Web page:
I know there are only 3 more days until kickoff, but what can I say…I’m tired of predictions and speculation.
What I want to do is take a look back to see exactly how we got to this point in Tennessee Football.
Not only are we going to see how we got here, but let’s look at who got us here.
How about we start with number 5, shall we.
5. Charles Moore
Many may not know Mr. Moore, but he is definitely alive and well in Knoxville.
He was a member of the very first UT football team in 1891. Although, he is more remember by a single color.
Yep, he was the man who selected Orange and White as the official team colors. He picked them specifically because the flowers that grew on the Hill in abundance were also Orange and White.
Yes, this one of few men who is represented every fall Saturday in Neyland Stadium almost 119 years later.
4. George Cafego
He was Tennessee personified.
He was a stud, tailback for Gen. Neyland in the Golden years. In fact, from 1937—1939 many people referred to him as George “Bad News” Cafego.
And with good reason.
He was a beast in the single wing offense that Neyland perfected. He would go on to finish 4th in Heisman voting in his senior year, as well as being selected number 1 overall in the 1940 NFL Draft.
Some even say he helped the Vols to that perfect 13—0 record in 1998. He did, in fact, pass away just under 7 months before the season opener.
You actually think QB’s just trip like that?
3. Phillip Fulmer
We all knew it was his time to go back in 2008, but in his prime…there was no doubt this man could coach.
He was the ultimate Tennessee Volunteer. Having played for the Vols as an offensive lineman from 1968-1970. He would spend his next 22 years working his way up to offensive coordinator and— after a rocky ending for Coach Majors— Head Coach.
Then it was smooth sailing for the native of Winchester, TN. He compiled a record of 152—52 in his 17 years as Tennessee’s coach. That comes out to 2 SEC Championships, 6 Division Titles, and a perfect 13—0 season with a National Championship.
Even with all of those achievements, the thing I’ll always remember Coach Fulmer for is how much he loved the university. Love him or hate him, he embraced every UT tradition and every UT fan.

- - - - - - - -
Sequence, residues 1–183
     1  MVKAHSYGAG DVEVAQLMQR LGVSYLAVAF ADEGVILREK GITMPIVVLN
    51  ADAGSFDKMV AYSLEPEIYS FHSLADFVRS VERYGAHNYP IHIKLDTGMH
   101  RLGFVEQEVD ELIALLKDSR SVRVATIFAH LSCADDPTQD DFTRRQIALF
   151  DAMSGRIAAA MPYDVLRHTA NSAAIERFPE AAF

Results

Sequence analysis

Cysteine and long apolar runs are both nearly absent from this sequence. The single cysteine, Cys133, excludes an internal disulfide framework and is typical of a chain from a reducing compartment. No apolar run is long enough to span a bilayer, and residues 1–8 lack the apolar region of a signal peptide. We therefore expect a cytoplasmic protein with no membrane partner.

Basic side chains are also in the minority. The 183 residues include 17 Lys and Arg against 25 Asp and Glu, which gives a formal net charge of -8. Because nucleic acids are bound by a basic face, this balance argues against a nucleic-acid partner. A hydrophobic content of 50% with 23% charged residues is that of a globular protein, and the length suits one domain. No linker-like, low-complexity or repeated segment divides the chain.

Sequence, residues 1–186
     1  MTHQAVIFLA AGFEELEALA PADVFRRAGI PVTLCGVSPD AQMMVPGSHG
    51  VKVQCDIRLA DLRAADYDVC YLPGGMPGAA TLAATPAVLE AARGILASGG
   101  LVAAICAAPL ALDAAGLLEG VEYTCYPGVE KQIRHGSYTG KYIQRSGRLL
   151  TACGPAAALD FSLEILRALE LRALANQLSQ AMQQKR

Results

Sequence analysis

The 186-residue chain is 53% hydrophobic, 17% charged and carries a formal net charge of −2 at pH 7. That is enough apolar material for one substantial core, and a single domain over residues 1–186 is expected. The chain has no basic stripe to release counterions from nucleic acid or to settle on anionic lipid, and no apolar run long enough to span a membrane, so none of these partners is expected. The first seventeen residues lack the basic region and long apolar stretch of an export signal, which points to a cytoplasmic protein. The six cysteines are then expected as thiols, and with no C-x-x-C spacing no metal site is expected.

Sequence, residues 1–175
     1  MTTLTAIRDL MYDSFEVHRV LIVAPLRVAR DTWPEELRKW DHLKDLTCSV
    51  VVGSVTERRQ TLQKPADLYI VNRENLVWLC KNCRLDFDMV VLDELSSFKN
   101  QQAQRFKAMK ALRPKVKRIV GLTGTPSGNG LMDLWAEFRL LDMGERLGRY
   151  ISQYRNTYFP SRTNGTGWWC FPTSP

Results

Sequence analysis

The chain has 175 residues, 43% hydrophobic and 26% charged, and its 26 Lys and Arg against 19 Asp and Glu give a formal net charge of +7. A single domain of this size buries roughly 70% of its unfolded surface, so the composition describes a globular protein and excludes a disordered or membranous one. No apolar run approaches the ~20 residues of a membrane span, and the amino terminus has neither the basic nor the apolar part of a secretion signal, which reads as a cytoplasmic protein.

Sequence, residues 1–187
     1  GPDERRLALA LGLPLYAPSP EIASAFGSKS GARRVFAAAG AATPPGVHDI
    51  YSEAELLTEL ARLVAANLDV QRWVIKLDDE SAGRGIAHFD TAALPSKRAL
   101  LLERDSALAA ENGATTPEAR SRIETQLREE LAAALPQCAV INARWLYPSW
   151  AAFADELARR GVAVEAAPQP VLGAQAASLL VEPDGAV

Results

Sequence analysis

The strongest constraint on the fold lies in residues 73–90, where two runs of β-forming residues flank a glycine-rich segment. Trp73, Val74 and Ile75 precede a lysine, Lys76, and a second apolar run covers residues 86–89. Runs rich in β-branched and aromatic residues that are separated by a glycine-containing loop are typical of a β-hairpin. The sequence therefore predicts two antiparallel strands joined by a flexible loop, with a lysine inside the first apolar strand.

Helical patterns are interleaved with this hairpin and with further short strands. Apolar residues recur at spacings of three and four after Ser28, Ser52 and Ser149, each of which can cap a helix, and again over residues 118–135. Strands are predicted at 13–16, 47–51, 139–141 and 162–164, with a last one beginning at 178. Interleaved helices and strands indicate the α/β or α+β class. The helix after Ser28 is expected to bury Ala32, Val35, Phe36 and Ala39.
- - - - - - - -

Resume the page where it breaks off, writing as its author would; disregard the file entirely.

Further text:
Like I said, love him or hate him, he was a Tennessee guy.
2. General Robert Neyland
It may come to surprise many that Mr. Neyland is only 2nd on our list, but let’s not take away from all of the great things this man did for the Vols.
He comprised a record or 173 wins, to only 31 losses, and 12 ties. That is a staggering 83% winning percentage. He coached 21 seasons for the Vols, also a record, while serving in the U.S. Army in WWII.
His run of 17 straight shutouts and 71 consecutive scoreless quarters are still records and will most likely stand forever. He coached the 1939 UT squad which was the last team to go an entire season without being scored upon.
His seven maxims are still recited before games and still apply in football today.
He is a legend all over Tennessee and will remain forever in every Tennessee fans heart.
1. Doug Dickey
In 1963, UT was desperate for help.
They had gone 15—15 in the last 3 years and demanded change.
And then we met Coach Dickey. He “rejuvenated” the program as some put it. He also won games, going 46—15 in his days in Knoxville.
But, most remember him for the tradition he instilled in the program.
What do the Power T, Checkerboard End zones, running through the T, and Integration all have in common?
Doug Dickey placed all of them in the University of Tennessee.
He is celebrated every game day in Knoxville and will continue to be for years to come.
Even though, he played and later coached at the University of Florida, he is still remembered and loved by the UT faithful.
If that doesn’t convince you he should be number one…